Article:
The book itself is collected into sections; Growing Up, Nature, things like that, and a lot of the poems have a distinct 'nostalgia' feel to them as they hark back to memories of childhood in the war and post-war years, or first crushes. I'll be honest, the poems are generally good, but there weren't that many which were particularly memorable. But that said, poetry isn't really my thing. I do occasionally attempt to write poetry for the club competitions, but the best result I've ever had was third place, and I don't usually even manage that. So I'm impressed with anyone who can produce an entire book of poems. But it's not really my thing, and I might not have bothered reading it if it wasn't to fill the square. Shhhh, don't tell Viv I said that!
Strain, by Amelia C Gormley. Fills the 'romance' square.
This was a M/M romance e-book that I'd bought for my kindle ages ago and never got round to reading (I went through a phase of downloading loads of M/M e-books, and then discovered why some of them were so cheap, so the others languished unread for a while). It's a post-apocalyptic zombie setting, and tells the story of Rhys, a young man who gets discovered by a squad of soldiers right after it's too late for them to save him - he has been bitten and will soon be infected with the zombie-making strain of a pathogen. However, the soldiers offer him a way to survive. They are all super-soldiers, deliberately infected with something that makes them extra strong and tough, etc, and as Rhys has only just been bitten, if they can infect him with the alpha strain it might over-ride the beta strain, and prevent him from becoming a zombie. To do this, however, he needs to have sex with as many of the soldiers as possible. As often as possible. For weeks, possibly months, until they know whether it has worked or not.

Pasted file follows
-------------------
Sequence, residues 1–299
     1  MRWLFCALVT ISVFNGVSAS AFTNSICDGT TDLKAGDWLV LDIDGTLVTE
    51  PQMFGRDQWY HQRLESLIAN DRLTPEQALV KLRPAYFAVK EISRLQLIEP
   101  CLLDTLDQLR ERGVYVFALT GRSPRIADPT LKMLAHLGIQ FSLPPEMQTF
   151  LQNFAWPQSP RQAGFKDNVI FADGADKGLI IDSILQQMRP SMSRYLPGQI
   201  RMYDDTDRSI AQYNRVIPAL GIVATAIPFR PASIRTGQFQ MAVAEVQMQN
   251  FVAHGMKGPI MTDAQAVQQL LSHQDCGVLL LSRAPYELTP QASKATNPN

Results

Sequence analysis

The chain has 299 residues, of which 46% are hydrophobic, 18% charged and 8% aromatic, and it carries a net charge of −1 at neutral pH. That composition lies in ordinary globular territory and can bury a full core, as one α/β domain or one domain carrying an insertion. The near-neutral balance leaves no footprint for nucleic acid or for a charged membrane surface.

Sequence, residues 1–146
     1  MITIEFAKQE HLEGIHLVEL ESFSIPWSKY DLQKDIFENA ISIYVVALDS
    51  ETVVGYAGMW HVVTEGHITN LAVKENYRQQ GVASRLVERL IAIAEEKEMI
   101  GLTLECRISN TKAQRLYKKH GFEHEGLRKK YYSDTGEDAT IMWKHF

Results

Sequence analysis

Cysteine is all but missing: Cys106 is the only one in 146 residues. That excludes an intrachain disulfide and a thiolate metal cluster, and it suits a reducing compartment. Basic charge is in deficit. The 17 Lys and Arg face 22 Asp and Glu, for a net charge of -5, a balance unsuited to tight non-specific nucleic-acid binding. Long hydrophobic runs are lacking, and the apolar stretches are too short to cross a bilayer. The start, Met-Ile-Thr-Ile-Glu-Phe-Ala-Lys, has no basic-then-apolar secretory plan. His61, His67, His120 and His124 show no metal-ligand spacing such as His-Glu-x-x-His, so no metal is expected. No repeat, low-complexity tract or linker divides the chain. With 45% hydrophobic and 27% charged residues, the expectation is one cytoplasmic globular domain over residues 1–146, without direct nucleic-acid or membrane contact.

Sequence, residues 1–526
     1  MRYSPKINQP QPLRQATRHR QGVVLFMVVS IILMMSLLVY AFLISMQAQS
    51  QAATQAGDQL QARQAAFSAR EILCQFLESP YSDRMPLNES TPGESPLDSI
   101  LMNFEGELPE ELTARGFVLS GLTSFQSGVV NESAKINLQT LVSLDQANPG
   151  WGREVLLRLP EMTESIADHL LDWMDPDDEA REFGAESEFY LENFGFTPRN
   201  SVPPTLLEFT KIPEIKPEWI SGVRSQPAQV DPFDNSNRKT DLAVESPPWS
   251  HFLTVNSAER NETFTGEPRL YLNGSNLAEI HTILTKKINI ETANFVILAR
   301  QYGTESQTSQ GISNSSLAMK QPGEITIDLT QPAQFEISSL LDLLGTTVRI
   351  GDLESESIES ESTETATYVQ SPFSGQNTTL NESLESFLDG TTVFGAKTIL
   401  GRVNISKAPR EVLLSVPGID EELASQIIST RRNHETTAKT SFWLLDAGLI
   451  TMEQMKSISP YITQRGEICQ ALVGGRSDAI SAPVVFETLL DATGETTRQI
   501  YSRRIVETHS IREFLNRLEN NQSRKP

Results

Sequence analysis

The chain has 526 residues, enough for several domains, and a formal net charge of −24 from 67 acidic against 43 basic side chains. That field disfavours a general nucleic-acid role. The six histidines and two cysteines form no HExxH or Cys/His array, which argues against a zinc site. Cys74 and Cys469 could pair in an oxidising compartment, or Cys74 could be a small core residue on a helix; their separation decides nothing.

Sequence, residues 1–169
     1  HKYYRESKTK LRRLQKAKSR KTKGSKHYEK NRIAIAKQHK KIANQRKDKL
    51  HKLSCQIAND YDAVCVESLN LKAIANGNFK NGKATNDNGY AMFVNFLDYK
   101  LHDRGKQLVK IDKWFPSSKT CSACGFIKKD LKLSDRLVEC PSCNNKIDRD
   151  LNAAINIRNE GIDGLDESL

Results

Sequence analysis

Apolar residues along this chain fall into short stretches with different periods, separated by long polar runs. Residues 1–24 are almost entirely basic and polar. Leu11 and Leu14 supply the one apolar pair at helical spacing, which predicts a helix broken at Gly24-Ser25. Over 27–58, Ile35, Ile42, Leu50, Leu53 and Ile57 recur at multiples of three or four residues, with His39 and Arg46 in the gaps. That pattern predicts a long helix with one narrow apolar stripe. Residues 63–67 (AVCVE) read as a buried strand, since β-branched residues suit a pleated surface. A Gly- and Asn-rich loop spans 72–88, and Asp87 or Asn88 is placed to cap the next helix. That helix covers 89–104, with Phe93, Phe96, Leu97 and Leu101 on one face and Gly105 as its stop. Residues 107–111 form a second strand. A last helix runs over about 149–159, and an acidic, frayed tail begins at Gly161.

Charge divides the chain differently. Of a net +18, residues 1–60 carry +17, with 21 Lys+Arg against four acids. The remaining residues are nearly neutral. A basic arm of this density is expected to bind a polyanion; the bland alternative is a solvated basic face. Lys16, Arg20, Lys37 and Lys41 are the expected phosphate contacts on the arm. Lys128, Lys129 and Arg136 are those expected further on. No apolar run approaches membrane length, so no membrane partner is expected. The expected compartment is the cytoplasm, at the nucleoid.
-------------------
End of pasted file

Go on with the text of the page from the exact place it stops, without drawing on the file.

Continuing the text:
What follows is essentially an extended 'fuck-or-die' scenario, with an awful lot of dub-con, bordering on non-con at times. There is a developing relationship between Rhys and one of the soldiers in particular, but the word 'romance' might be pushing the description a tad! The situation is made more complicated by the presence of Jacob, a not very nice young man who had been hiding with Rhys before the soldiers found them, and who is also in the same position of having been bitten and being 'saved' by the soldiers. And later, the arrival of an old friend (for 'friend' read 'first crush') of Rhys', who he had believed to be dead, makes his current situation even more angsty.
It's not exactly the height of sophisticated literature, but sometimes what you really want is a story that reads like a extremely long hurt/comfort fanfic with original characters and a not very complicated plot. This was another book that I read in two days flat, so it was obviously doing something right to keep me reading. I seem to remember I'd had plans for that Sunday, but ended up reading all morning and much of the afternoon and didn't stop until the book was finished.
lj book bingo card 2018